Tyrone Community Partnership in the running for purchase of Citizens social hall

Tyrone Community Partnership is in the running for the purchase of the recently vacated Citizens social hall, according to Partnership committee member Rick Gority.
There are two or three potential buyers for the property, and the members of the Tyrone Community Partnership believe the final round has begun with Reliance Bank to see who wins out on the purchase of the former social hall.
The Partnership’s proposed idea for the building is to turn it into a community center which could be used for dances for area youth, wedding receptions, craft shows, dance recitals, fundraisers, and any other event that would fit the needs of the community.
“The idea behind it was to step up and secure it as something that was run by the community,” explained Gority. “Then the community could still use it.”
He says a big fear the Tyrone Community Partnership, formerly known as Mainstreet Tyrone, has is that the building will remain vacant or that the building will be sold to an organization that will not use it for community purposes.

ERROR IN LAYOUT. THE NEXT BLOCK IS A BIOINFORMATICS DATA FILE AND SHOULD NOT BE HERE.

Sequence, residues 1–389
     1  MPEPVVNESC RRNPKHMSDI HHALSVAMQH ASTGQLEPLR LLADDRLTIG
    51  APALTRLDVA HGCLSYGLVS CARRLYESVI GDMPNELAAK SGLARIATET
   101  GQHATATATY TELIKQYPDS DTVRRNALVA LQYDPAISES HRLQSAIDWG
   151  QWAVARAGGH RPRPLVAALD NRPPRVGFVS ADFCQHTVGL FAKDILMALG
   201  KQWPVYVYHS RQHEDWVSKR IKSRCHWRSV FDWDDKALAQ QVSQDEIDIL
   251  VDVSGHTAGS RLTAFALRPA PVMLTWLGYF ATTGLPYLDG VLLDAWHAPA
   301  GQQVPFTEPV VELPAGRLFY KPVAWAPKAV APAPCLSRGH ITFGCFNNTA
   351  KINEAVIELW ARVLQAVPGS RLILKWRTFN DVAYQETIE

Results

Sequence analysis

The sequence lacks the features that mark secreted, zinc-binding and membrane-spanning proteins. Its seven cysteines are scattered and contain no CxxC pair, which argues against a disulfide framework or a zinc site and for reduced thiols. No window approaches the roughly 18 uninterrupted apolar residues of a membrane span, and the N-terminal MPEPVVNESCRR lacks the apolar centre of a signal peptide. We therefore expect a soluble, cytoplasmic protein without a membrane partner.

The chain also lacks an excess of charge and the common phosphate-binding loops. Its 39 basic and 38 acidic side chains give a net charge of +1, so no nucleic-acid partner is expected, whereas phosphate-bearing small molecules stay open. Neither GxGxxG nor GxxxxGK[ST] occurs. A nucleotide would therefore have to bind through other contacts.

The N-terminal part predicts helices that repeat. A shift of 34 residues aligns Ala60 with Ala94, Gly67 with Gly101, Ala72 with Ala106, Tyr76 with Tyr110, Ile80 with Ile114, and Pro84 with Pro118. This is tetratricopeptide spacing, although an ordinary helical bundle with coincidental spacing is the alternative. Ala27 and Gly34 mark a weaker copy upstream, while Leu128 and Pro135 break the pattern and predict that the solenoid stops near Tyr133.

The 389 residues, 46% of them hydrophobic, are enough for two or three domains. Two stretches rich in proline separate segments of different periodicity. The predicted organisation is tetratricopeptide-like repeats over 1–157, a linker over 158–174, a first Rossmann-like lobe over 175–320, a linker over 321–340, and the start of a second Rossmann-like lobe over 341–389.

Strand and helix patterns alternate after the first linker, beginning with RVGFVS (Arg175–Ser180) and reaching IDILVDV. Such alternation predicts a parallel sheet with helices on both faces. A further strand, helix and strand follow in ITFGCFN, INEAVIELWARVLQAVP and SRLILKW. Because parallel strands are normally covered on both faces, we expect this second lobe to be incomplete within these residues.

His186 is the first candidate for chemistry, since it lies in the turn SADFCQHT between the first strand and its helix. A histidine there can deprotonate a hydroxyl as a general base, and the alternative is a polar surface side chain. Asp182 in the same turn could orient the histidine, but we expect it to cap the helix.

An open letter to public organizations was recently sent out by the Partnership which states, “As you have probably heard, Tyrone Community Partnership is considering the purchase of the former Citizens’ Social Hall. We are attempting to gauge the level of interest among other service organizations in the feasibility of such an endeavor.”
The letter goes onto explain the purpose of the meeting and the date and time of the event.
The public is invited to attend the meeting which is scheduled at the social hall on Tuesday, September 23 at 7 p.m. to discuss possibilities for use of the facilities.
The purpose of the meeting is to determine the degree of support from the community that would translate into volunteers and patrons for the proposed community center. This support from area organizations would then help to staff and utilize the center upon its opening.
The meeting is a time for individuals to express their opinions about what the proposed community center could be used for and for area organizations to show support for such a center if they would like it for the Tyrone area.
“We’re not out to make money,” said Gority. “We’re out to make it something the community can use.”
He explained the role of the Tyrone Community Partnership is that of a catalyst between the community and existing community organizations. If the Partnership was able to purchase the social hall and turn it into a community center, then it could join groups together for area functions and gatherings.